The only son of
country legends Waylon Jennings and Jessi Colter, Shooter Jennings literally
spent his childhood on a tour bus. Born Waylon Albright Jennings, Shooter
was playing drums by the time he was five years old and had already begun
taking piano lessons, only to break them off and follow his own path to an
understanding of the instrument. He discovered guitar at 14 and rock & roll
(particularly Southern rock and the loose-limbed hard rock of Guns N'
Roses) at 16. Soon
he moved from Nashville to L.A., where he assembled a rock
Stargunn. Stargunn earned a reputation for its strong live shows
rediscovered his outlaw country roots and dissolved the band.
After a short stay
in New York, where Jennings assembled material for a country
returned to L.A. and put together a second band -- this time with solid
country roots --
which he named the .357s. Jennings and the band holed up in
emerging with a rambunctious country album called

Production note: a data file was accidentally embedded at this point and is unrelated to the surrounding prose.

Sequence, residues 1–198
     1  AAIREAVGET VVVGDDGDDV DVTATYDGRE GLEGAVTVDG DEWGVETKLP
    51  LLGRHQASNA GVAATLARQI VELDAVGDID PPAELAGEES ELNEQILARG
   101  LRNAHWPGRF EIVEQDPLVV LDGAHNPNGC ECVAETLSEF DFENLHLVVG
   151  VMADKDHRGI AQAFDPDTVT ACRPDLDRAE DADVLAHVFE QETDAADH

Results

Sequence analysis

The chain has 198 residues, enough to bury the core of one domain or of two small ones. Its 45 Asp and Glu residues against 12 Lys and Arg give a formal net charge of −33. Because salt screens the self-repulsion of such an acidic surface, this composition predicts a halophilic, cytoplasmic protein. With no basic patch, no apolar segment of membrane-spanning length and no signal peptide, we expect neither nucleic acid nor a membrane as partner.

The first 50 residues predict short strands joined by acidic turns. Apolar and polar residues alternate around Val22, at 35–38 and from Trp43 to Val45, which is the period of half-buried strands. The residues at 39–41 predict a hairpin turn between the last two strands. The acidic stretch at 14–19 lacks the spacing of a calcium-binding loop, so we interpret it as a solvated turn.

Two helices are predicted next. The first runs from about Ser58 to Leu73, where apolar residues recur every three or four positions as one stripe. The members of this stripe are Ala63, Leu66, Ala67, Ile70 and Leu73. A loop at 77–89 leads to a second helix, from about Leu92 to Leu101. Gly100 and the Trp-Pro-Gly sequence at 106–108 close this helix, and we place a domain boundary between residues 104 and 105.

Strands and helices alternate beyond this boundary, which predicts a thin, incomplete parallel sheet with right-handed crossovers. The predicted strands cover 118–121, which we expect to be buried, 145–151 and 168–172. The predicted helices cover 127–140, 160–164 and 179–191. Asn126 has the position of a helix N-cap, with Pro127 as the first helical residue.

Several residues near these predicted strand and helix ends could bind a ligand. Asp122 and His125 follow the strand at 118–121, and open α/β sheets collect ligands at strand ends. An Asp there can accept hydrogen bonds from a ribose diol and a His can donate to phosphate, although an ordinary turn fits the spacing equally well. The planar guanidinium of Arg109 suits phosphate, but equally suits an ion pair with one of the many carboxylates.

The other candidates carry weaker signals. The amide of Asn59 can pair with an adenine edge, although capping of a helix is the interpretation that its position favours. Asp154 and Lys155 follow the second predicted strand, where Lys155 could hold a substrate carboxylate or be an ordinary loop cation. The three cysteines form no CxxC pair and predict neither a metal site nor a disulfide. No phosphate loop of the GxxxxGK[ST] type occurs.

Put the O Back
which was released in 2005 on Universal South Records.
in his father's
footsteps, but with his own feisty, scrappy sense of country,
himself in a fine position to both explore that legacy and to carve
out his own. A
second album, Electric Rodeo (which was actually recorded
before Put the
O Back in Country), appeared in 2006, followed by a live set,
Live at Irving
Plaza, later in the year. Jennings' third solo
effort, The Wolf, was
October 2007, featuring a cover of Dire Straits' "Walk of Life" (whose
Knopfler, had been a longtime family friend). His fourth studio
Ribbons, produced by Dave Cobb, was released in 2010 and
critical acclaim and solid sales.